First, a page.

Does my laptop have an M.2 SSD Socket? Why this is a great upgrade for less than $100
Let’s take a look under the hood, shall we?
Well before we “look under the hood” or in this case take a part your machine, there are a number of things you can do first. Look up the model on the manufacturer’s web site. You can find the specs there (in most cases) that will tell you what options are available for upgrades or replacements. Sometimes this can still be a bit confusing so here’s another tip – contact their customer service and ask what they recommend for a SSD drive uprade. Most manufacturers will have folks standing by to sell you something; Dell is a good example of this. I have yet to buy anything directly from doing this but it has been quite useful in quickly identifying what your machine can handle and if you have an M.2 slot available.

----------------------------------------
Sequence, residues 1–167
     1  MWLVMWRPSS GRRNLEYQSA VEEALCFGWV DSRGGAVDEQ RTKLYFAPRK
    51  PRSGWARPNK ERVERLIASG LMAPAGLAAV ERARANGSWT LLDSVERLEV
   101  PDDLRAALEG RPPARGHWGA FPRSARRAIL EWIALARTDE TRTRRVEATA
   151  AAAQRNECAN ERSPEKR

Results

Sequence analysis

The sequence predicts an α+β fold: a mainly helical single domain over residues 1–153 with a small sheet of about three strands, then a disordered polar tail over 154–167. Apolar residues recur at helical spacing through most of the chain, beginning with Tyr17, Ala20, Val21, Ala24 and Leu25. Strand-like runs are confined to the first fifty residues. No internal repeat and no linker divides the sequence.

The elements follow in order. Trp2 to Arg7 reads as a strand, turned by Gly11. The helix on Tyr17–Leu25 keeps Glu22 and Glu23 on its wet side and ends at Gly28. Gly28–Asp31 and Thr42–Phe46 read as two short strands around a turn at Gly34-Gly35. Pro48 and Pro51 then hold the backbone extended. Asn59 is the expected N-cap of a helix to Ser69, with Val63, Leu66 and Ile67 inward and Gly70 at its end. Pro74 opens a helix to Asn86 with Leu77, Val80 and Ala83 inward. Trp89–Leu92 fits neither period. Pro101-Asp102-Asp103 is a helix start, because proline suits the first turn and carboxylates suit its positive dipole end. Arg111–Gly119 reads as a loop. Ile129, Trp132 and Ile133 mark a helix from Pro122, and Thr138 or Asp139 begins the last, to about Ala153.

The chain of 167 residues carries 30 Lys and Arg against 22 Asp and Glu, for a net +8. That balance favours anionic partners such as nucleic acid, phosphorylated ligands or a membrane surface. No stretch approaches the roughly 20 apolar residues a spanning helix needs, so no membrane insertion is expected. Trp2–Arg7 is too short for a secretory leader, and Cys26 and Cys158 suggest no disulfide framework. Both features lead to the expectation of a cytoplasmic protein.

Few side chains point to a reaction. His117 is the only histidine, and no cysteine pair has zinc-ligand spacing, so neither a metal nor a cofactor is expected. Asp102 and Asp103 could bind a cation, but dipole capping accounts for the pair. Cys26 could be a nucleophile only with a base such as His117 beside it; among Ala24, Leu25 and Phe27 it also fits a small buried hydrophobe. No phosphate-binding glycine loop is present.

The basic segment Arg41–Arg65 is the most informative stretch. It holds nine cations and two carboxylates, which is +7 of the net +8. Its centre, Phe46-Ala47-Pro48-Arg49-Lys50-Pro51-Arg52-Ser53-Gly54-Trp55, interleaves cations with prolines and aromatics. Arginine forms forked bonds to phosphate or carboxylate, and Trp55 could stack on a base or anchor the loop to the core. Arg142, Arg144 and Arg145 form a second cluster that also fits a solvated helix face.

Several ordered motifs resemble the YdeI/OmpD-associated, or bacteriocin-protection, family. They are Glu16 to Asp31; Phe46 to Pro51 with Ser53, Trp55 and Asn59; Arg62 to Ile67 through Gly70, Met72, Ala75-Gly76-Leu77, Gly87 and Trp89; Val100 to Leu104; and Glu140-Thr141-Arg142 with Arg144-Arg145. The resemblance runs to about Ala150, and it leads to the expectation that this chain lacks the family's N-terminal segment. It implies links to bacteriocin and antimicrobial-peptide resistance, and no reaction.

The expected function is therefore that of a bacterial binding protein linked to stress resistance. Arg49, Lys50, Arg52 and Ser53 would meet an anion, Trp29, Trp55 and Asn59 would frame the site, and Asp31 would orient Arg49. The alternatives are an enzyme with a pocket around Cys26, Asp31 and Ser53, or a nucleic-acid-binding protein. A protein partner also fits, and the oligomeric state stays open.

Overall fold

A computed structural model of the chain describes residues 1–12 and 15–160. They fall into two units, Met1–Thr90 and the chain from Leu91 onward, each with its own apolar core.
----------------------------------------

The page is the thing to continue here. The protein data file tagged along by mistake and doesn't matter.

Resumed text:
Next, If it has an M.2 slot available, there’s two other questions that need to be answered: Is it SATA III or NVMe, as both are available in an M.2 “form factor”. SATAIII M.2 cards use the SATA III hard drive bus for communication, and may run slightly slower than NVMe capable slots / cards, but generally still faster with an SSD than a traditional hard disk. NVMe M.2 cards use the PCIe bus and can run a lot faster than a SATA III M.2 card, but it will only work in an NVMe capable slot. The NVMe “slot” will take both the new NVMe M.2 card and the old SATA III M.2 card (backward compatibility with older cards).
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